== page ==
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Early International Style


General
• Develops in 1920s in Europe; sources include commercial building, and Chicago School
• Named in 1932:  exhibition at the Museum of Modern Art, New York -- “The International Style”
• Leading architects:  Walter Gropius, LeCorbusier, Mies van der Rohe

First buildings

• W. Gropius: Bauhaus, Dessau, 1926
• LeCorbusier: Villa Savoye, near Paris, 1929
• Mies van der Rohe: Barcelona Pavilion, Spain, 1929
• G. Howe & Wm. Lescaze: PSFS Building, Philadelphica, 1930

Style and Ideology

• Modernist
• Anti-Historicist
• Anti-Ornament
• Functionalist
• Celebrates technology
• Exclusivist

Goals

• Universal Style
• Universal space
• Utopian Society

Mies van der Rohe – selected quotes

• “Architecture is the will of an epoch translated into space.”
• “Less is More”
• “God is in the details”
• “True architecture is always objective and is the expression of the inner structure of our time, from which it stems.”
• "Technology is far more than a method, it is a world in itself.  As a method it is superior in almost every respect....Whenever technology reaches its real fulfillment, it transcends into architecture.  It is true that architecture depends on facts, but its real field of activity is in the realm of significance."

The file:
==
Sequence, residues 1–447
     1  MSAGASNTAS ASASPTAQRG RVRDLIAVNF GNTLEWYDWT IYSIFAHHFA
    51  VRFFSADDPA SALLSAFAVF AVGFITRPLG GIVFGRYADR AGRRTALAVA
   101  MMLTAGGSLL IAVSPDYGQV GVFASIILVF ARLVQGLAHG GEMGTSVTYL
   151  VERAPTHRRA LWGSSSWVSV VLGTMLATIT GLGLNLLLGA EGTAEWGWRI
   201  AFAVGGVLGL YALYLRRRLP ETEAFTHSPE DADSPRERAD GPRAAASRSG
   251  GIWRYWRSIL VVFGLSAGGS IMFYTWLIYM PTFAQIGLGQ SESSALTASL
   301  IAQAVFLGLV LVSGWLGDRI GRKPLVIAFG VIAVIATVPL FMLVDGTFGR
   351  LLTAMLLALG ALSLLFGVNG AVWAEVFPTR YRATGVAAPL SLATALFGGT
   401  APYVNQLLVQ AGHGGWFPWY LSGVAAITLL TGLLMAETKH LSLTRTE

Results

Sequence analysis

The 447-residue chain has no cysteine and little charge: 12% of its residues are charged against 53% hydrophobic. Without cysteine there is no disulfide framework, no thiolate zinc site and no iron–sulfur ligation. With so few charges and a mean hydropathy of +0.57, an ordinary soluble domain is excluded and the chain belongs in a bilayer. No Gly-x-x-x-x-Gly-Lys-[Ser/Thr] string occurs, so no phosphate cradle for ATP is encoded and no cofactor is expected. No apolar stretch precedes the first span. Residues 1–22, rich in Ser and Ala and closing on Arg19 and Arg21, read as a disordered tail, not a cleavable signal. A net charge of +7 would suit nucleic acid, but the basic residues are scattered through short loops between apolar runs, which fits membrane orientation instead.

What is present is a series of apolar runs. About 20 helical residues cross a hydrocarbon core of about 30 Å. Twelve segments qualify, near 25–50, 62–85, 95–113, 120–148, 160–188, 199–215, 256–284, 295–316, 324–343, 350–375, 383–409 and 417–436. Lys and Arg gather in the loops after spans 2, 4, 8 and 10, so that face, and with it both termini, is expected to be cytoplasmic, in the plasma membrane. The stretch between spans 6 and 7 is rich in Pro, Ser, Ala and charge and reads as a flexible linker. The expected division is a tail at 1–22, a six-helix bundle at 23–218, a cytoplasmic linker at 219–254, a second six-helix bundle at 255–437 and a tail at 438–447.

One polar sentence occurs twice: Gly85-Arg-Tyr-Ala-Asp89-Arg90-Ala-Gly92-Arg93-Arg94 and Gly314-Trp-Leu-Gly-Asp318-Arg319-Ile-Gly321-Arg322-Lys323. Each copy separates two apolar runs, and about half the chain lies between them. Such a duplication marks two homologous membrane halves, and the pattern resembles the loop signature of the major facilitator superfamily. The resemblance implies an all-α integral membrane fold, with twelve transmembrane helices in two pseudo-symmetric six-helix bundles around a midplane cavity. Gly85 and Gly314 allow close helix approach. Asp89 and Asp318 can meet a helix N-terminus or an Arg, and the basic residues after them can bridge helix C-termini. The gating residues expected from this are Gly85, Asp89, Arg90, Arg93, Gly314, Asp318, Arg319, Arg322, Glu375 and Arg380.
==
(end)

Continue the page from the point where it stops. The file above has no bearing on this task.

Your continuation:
Style Definition
The International Style is the purest and most minimal form of modernism. It originated in a number of movements from Germany and The Netherlands in the 1920s, especially the Bauhaus but also influenced by de Stijl and the German Werkbund. Its designs are generally simple prismatic shapes, with flat roofs and uniform arrangements of windows in bands or grids.

The most common materials in International Style buildings are glass, steel, aluminum, concrete, and sometimes brick infill. Plaster, travertine marble, and polished stone are common on the interiors.

The leader of the Bauhaus School and a founder of the International Style was the architect Walter Gropius. Another Bauhaus architect, Ludwig Mies van der Rohe, is the most famous and influential figure in the movement. The Finnish architect Alvar Aalto another famous and original contributor to this style.

 
 
 
  Burnham Beeches mansion in the Dandenong Ranges outside Melbourne, completed 1933 in the Streamline Moderne style. The architect was Harry Norris.

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